Working with Tom was fun because he's very relaxed, and Sue Ingleton (Portia) was an absolute hoot because she kept changing the script to make it funnier - and better. She was very energetic and added a lot to her role and the interactions with everyone. And I must mention Ian Smith, who is as nice a person in real life as he is as Harold! He makes all newcomers to the show feel as if they have always been part of the cast, and his ability to make people feel comfortable makes working with him a real joy.
What was it like to work alongside such an established cast?
The cast calls it "The Factory" because it's all so well organized and runs so smoothly. Everyone knows what they have to do, and gets on with it. The only problem with that is it can lose its creativity as everyone just goes through the motions, which is why Sue was such a breath of fresh air to work with. She was always thinking of new ways to liven things up.
Would you ever consider returning to work on Neighbours if the opportunity arose?
No, not really. I don't enjoy working on one all consuming thing that goes on and on. I work on many projects at once, as an actress, a coach and a writer, and I enjoy the freelance life and the feeling of, "What will today bring?"
Are you still in touch with anyone you worked with on Neighbours?
Not since I moved to Sydney in 2001. I used to have coffee with Jan Russ when we both had time, and Alan Fletcher used to do my headshots (he's a very talented photographer), but distance means you lose touch with people.
Have you ever been a Neighbours viewer yourself?
I watch on and off, mostly to see who's on it. There's always someone I know, and that's interesting.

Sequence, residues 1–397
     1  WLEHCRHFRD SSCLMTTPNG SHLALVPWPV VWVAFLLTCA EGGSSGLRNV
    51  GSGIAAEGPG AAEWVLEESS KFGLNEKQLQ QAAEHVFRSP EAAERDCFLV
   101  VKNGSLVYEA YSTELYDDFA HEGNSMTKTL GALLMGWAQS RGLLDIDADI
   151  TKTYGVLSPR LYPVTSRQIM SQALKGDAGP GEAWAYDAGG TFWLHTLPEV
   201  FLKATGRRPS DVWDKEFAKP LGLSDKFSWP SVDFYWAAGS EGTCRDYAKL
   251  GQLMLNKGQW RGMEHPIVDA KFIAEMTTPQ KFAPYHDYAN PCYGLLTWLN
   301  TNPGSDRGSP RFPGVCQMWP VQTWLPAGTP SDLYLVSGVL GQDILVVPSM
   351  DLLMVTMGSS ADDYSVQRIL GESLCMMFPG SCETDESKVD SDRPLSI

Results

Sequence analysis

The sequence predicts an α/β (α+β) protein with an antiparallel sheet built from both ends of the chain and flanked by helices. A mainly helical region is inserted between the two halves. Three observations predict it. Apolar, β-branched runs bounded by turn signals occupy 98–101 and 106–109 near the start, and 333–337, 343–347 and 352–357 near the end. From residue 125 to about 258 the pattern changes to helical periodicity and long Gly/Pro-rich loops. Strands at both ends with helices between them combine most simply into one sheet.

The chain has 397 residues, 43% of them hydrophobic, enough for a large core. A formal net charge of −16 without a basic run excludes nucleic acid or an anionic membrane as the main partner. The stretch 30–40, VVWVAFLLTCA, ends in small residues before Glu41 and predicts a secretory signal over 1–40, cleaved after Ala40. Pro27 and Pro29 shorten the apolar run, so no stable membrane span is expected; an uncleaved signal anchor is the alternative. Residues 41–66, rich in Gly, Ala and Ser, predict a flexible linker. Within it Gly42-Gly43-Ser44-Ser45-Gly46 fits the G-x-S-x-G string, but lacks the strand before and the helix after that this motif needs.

What are you up to these days?
I'm unusual in that I love doing commercials and voice-overs more than anything else, so I concentrate on those, although I did do a small part in Superman when they filmed it here. I am also a voice and dialect coach for American productions, to help Australians sound like they're from the States. I teach acting as well, along with career counselling, and I'm writing a book now on how to be an actor in Australia. In addition, I am working to get a couple of projects off the ground for American companies - TV, not film, which I find too slow and boring to work on. Again, I'm a bit different - where most actors love films, I love television because it goes at a faster
pace. I have a website at www.mirrenlee.com for all my projects.
Finally, as it continues its 23rd season on Australian television, what do you think accounts for the show’s enduring success?
Mostly the English market! While it's true it's an institution here, and most actors (especially in Melbourne) have done at least one role in it, Neighbours is kept alive by the incredible passion the English have for watching it. For most Australians, it's just another soap, and part of the TV landscape, but the English seem to love the characters almost like a cult. I know that when I ran my agency, and represented Lou's "baby daughter Lolly", she was asked to appear on magazine covers in England. Here she was ignored! Most people really believe that it is the English people that keep Neighbours alive.
by Steve. Added on 14th September 2007